Macrovision announced today a licence agreement with Microsoft under which Macrovision will provide worldwide record labels with the capability to design and produce “dual session” music CDs that contain both Red Book audio files, which play on traditional home and car stereos, and also include “second session” files that can be played and stored on a consumer’s PC and portable devices. Microsoft and Macrovision will work together to ensure great consumer experiences while, at the same time, providing a robust rights management environment for record labels.
By virtue of this agreement, record labels will have access to a comprehensive copy protection, authentication and digital rights management (“DRM”) solution for their music CDs from one source for worldwide deployment. Macrovision has agreements with replicators in North and South America, Europe, Asia, and Australia; and Macrovision’s CDS™ technology has been used to protect over 100 million music albums to date.
This licence agreement allows Record Labels to enable consumers to make personal copies of music CDs while protecting content with multi-level security features that address practices such as unauthorised file sharing. PC-based playback of CDs and transfer to portable devices is enabled using the Microsoft® Windows Media® Data Session Toolkit, a new component of Windows Media 9 Series that enables media companies to create and deliver high-quality content via a “second session” for playback on the PC and other devices using Windows Media DRM. As media and entertainment companies look for ways to protect their content, the toolkit can be used to preserve a great playback experience on the PC and other devices. Macrovision’s CDS technology secures the “first session” data and also authenticates that the CD is in fact an original copy. Once authenticated, second session files can be played, stored or exported to secure portable devices.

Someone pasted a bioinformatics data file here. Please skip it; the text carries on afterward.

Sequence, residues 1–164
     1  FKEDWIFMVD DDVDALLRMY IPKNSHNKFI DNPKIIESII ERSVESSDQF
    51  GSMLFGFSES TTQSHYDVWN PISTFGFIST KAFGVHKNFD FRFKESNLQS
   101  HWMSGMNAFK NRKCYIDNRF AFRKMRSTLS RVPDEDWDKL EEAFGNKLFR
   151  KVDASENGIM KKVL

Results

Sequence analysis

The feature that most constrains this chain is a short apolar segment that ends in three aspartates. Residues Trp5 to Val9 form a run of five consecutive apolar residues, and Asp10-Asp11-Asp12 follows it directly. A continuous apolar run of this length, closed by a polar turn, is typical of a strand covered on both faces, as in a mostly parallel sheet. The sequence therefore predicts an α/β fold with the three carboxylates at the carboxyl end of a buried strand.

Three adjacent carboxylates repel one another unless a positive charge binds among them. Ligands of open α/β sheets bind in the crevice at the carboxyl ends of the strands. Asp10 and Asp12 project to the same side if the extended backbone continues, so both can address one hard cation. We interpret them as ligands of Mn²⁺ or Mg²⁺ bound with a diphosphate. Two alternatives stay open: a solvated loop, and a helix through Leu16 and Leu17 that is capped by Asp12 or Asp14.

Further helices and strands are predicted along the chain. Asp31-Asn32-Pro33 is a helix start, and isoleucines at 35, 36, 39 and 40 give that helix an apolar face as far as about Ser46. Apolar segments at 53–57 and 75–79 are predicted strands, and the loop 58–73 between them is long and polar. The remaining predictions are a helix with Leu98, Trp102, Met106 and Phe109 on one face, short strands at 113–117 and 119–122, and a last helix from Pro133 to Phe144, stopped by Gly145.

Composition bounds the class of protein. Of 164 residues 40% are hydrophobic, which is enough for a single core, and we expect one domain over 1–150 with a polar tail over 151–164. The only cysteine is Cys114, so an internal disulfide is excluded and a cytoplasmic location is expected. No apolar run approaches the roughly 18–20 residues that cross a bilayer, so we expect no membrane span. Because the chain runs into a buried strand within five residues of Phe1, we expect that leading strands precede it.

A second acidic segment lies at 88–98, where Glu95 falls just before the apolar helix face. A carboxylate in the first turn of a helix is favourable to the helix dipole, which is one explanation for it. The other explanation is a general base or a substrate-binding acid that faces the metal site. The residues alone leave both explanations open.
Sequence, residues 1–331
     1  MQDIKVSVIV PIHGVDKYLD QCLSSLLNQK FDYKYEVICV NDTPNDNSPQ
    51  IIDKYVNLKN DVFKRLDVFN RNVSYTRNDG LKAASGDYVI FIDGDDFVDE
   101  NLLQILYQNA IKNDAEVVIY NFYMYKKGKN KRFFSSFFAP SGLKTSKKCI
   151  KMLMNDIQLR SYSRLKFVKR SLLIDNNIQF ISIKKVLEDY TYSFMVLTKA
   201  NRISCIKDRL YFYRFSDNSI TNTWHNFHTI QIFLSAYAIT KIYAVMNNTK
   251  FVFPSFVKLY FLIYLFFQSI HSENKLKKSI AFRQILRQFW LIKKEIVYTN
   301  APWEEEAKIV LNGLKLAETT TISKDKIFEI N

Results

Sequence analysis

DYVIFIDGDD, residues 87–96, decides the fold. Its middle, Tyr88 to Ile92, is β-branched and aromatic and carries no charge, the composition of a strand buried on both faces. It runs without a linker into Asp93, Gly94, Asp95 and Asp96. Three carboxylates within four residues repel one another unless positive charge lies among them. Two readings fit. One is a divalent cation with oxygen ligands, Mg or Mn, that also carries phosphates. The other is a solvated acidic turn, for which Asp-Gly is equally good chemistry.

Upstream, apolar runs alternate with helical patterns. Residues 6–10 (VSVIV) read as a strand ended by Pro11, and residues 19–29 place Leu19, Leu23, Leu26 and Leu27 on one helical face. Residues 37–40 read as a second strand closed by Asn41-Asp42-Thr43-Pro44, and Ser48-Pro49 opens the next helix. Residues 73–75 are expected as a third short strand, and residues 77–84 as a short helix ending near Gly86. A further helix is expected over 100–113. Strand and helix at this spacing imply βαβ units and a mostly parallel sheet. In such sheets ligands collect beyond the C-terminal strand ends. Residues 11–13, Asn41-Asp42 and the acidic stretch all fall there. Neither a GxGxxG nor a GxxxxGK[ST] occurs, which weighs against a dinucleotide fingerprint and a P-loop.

“This is a ‘win-win’ for both labels and consumers,” said Macrovision president and CEO William Krepick. “Macrovision strives to create transparent content protection technologies that do not inhibit the legitimate ‘digital rights’ of consumers. The companies are creating a solution that addresses many of the content protection issues that are necessary for the survival of the music industry.”
“The challenge faced by digital content owners is how to effectively protect content from unauthorised re-distribution while also delivering great, value-add consumer experiences,” said Dave Fester, general manager of Microsoft’s Windows Digital Media Division at Microsoft Corp. “Macrovision technology and the Windows Media Data Session Toolkit represent a significant step in the ability to deliver music fans with rich, seamless access to their music and at the same time respect the needs of content owners.”
“Our combined technology gives CD consumers worldwide the secure portability of their music”, said Adam Sexton, vice president of marketing of Macrovision’s Music Technology Division. “Our solution, incorporating Microsoft’s technology, will ensure that the music industry will have access to best-of-breed technologies for first session copy protection, local authentication, Internet authentication, and a second session solution with the Windows Media Data Session Toolkit.”